A. fumigatus, with promising results in laboratory mice (Ito et al. 2009).
In the indoor environment, Aspergillus can be found in household dust, building materials,
ornamental plants, flower arrangements, tobacco, food and water (Warris & Verwej 2005).
Dispersal of fungal structures (spores, hyphal fragments) is impacted by activities such as
construction, demolition, excavation, disturbance of dust accumulations during routine cleaning,
water intrusion and moisture accumulation. In addition, aspergillosis outbreaks in healthcare
facilities have been associated with contaminated air conditioners, air filters, particle board
frames of air filters, air duct systems, ceiling tiles and fireproofing materials (Haiduven 2009).
However, concentrations of Aspergillus spores have not been found to be correlated to any
seasonal pattern or the occurrence of invasive aspergillosis (Hospenthal et al. 1998). Also, the
relationship between airborne spore counts and infection risk has been difficult to assess because
it has been impossible to relate a specific number of airborne spores to a quantifiable infection
risk among patients, including highly immunocompromised patients. For this reason, the CDC has not
provided recommendations regarding routine microbiologic air sampling before, during, or after
facility construction or renovation, or before or during occupancy of areas housing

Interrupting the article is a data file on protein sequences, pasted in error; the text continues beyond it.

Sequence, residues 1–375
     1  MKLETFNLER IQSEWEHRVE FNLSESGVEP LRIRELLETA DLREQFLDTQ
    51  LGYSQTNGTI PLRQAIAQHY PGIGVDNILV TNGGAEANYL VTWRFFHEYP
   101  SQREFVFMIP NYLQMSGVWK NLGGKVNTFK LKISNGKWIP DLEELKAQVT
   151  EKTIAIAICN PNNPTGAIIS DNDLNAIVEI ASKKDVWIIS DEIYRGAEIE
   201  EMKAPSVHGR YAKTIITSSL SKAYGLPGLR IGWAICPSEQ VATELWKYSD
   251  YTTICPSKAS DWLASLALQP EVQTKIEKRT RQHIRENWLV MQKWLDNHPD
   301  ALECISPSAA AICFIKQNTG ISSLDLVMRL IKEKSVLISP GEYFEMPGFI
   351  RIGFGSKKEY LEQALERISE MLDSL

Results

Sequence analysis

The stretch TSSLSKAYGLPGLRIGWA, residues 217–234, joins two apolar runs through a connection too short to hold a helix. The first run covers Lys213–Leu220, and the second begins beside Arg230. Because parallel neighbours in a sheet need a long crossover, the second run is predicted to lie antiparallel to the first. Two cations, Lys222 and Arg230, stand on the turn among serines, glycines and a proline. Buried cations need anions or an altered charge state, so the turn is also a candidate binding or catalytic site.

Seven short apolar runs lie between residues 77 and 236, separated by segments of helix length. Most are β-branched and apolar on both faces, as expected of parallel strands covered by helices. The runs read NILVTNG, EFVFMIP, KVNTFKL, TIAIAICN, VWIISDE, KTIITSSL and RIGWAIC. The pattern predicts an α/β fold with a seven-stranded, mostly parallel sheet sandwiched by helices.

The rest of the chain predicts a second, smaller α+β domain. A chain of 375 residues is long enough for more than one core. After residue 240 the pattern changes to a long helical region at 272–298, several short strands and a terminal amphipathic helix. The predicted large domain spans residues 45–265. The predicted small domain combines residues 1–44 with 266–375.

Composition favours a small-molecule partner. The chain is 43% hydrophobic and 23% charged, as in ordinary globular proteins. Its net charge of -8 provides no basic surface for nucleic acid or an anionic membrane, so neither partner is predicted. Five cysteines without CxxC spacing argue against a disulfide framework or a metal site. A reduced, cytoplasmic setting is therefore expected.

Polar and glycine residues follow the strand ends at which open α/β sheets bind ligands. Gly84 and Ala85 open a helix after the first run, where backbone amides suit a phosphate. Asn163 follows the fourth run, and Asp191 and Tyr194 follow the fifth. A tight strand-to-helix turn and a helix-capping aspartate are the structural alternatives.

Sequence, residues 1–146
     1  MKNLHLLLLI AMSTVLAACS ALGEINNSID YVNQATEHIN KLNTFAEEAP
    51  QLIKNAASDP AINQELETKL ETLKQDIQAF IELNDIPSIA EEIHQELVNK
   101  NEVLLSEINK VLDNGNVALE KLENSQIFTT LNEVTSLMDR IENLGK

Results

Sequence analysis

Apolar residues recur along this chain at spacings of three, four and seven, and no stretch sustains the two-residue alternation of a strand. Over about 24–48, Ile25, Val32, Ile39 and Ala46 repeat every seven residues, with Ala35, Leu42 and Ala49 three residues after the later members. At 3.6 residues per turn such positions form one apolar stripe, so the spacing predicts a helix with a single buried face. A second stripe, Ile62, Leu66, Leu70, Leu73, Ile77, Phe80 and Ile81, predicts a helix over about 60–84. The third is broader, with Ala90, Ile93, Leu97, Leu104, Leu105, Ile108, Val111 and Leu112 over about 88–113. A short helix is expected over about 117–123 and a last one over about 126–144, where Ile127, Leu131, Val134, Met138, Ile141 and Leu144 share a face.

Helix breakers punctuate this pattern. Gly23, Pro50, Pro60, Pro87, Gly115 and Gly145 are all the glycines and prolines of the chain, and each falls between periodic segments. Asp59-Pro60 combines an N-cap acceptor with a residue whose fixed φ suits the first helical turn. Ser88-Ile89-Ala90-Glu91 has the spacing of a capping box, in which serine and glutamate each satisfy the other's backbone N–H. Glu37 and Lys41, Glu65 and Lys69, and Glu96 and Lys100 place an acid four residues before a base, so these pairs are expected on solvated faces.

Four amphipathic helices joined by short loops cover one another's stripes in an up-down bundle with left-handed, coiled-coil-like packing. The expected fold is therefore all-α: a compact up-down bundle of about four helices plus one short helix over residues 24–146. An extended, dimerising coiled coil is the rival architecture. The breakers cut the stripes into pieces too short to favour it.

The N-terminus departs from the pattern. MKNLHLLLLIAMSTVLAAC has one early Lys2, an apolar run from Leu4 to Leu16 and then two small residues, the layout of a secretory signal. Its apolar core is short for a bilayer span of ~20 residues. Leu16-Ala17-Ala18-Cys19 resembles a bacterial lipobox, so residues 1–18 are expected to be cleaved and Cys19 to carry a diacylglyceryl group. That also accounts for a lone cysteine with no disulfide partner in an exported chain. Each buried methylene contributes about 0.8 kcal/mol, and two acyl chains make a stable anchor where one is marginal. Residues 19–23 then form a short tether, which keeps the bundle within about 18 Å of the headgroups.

immunocompromised patients (Weber 2009).
The CDC provides excellent on-line resources, including several publications with guidelines to
managing infectious agents (http://www.cdc.gov/hicpac/pubs.html). Also, the mycotic disease branch
of the CDC has a web page with relevant and updated information on fungal diseases
It is important to keep in mind that members of the genus Aspergillus are all free-living,
saprobic species that can potentially become opportunistic pathogens (Bennett 2009). There is no
evidence that these fungi derive obvious benefits from parasitizing humans, other animals, or that
they have evolved to take advantage of living hosts. It is then reasonable to conclude that their
ability to cause disease stems from their overall ability to survive under a wide array of living
conditions. Then it is also reasonable to conclude that management of Aspergillus and the
disease-casuing members of this genus will remain an important issue in the management of
environmental and clinical health in the future.